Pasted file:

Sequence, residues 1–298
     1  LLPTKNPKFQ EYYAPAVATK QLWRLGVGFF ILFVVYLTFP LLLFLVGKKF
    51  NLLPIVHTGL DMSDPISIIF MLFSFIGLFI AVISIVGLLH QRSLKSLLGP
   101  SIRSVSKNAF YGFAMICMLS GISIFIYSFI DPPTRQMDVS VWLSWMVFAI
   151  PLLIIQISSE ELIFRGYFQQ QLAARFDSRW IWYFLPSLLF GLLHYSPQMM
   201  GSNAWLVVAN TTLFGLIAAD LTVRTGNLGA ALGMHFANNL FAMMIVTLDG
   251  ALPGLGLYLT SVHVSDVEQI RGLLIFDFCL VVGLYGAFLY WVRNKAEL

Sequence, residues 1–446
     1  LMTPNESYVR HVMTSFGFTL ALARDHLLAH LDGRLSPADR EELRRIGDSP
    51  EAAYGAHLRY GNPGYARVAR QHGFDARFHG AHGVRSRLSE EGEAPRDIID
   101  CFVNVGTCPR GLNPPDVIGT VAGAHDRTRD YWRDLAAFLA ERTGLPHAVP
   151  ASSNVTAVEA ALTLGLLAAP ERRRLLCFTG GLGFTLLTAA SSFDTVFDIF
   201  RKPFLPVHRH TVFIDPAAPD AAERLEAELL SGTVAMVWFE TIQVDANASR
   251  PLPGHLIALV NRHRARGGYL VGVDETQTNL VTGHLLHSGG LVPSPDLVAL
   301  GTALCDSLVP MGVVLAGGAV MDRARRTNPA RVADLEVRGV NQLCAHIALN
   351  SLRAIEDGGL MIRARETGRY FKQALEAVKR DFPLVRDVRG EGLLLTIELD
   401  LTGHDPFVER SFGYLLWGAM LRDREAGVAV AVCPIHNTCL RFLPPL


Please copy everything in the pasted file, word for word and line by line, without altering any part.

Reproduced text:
Sequence, residues 1–298
     1  LLPTKNPKFQ EYYAPAVATK QLWRLGVGFF ILFVVYLTFP LLLFLVGKKF
    51  NLLPIVHTGL DMSDPISIIF MLFSFIGLFI AVISIVGLLH QRSLKSLLGP
   101  SIRSVSKNAF YGFAMICMLS GISIFIYSFI DPPTRQMDVS VWLSWMVFAI
   151  PLLIIQISSE ELIFRGYFQQ QLAARFDSRW IWYFLPSLLF GLLHYSPQMM
   201  GSNAWLVVAN TTLFGLIAAD LTVRTGNLGA ALGMHFANNL FAMMIVTLDG
   251  ALPGLGLYLT SVHVSDVEQI RGLLIFDFCL VVGLYGAFLY WVRNKAEL

Sequence, residues 1–446
     1  LMTPNESYVR HVMTSFGFTL ALARDHLLAH LDGRLSPADR EELRRIGDSP
    51  EAAYGAHLRY GNPGYARVAR QHGFDARFHG AHGVRSRLSE EGEAPRDIID
   101  CFVNVGTCPR GLNPPDVIGT VAGAHDRTRD YWRDLAAFLA ERTGLPHAVP
   151  ASSNVTAVEA ALTLGLLAAP ERRRLLCFTG GLGFTLLTAA SSFDTVFDIF
   201  RKPFLPVHRH TVFIDPAAPD AAERLEAELL SGTVAMVWFE TIQVDANASR
   251  PLPGHLIALV NRHRARGGYL VGVDETQTNL VTGHLLHSGG LVPSPDLVAL
   301  GTALCDSLVP MGVVLAGGAV MDRARRTNPA RVADLEVRGV NQLCAHIALN
   351  SLRAIEDGGL MIRARETGRY FKQALEAVKR DFPLVRDVRG EGLLLTIELD
   401  LTGHDPFVER SFGYLLWGAM LRDREAGVAV AVCPIHNTCL RFLPPL